Ed Sheeran Wins Copyright Battle Over 'Shape of You'
British musician Ed Sheeran has won a copyright lawsuit over his hit single "Shape of You".
A UK High Court ruled on Wednesday that Sheeran did not plagiarize Sami Chokri's 2015 song "Oh Why".
In his ruling, Judge Antony Zacaroli said Sheeran "neither knowingly nor subconsciously copied" Chokri's work.
He noted that there were "similarities between the one-time phrase" in "Shape of You" and "Oh Why", adding that "such similarities are only a starting point for potential infringement of copyright".
After studying both songs, Zacaroli concluded that there were "differences between the relevant parts" of the lyrics, which "provided compelling evidence that the phrase 'oh I' in "Shape of You" contained the phrase 'oh why'. originated from sources other than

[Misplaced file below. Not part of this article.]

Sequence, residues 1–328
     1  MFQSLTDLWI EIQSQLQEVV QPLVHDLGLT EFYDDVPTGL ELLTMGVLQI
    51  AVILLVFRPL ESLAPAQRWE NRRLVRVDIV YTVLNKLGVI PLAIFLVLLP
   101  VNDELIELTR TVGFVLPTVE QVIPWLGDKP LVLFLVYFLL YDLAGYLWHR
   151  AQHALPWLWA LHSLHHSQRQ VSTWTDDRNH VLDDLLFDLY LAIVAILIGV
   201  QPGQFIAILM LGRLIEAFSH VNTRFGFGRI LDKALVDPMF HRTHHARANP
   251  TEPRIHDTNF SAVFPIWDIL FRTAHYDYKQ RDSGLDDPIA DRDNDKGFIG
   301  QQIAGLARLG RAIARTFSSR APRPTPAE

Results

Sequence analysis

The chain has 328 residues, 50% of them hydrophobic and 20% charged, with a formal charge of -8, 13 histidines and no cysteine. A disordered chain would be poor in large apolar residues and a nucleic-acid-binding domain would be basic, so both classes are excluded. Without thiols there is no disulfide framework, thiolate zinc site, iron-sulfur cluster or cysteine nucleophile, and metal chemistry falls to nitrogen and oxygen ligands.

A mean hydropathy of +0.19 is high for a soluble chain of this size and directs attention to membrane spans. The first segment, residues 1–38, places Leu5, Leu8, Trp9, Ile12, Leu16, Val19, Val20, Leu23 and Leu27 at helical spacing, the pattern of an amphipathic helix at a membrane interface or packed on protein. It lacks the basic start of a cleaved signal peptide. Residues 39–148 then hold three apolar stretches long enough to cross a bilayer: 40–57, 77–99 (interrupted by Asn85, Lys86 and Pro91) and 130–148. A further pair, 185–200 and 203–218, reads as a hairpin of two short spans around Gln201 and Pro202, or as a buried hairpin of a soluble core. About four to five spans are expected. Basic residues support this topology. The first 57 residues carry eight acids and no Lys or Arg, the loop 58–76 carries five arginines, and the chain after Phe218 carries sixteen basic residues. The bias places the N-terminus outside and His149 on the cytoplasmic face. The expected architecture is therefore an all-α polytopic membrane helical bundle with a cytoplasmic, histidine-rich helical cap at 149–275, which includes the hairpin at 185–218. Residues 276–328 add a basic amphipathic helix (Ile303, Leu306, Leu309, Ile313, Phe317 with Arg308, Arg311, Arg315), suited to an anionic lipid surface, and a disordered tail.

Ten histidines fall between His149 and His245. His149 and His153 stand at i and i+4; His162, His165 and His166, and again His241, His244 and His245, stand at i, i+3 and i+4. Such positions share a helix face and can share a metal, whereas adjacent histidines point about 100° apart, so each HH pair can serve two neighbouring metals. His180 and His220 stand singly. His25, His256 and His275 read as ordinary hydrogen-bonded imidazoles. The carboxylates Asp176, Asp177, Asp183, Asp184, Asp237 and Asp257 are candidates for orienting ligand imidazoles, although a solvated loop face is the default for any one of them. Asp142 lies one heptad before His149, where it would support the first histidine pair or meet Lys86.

Addressing the allegation that Sheeran had heard "Oh Why" before composing "Shape of You", Zacaroli said: "Actually, I think he hadn't heard it," adding that There was only a "speculative foundation". On this claim of the defense.
Sheeran released a video statement following the verdict.
“While we are clearly pleased with the outcome, it seems to me that such claims are now very common and we have become a culture where claims are made with the idea that settlement will be cheaper than taking them to court. , even if there is no basis for the claim.
This is really damaging to the songwriting industry,” Sheeran said.
"Pop music only uses so many notes and so few chords.
Coincidence is bound to happen if Spotify is releasing 60,000 songs every day.
That's 22 million songs a year and there are only 12 notes available," Sheeran said.
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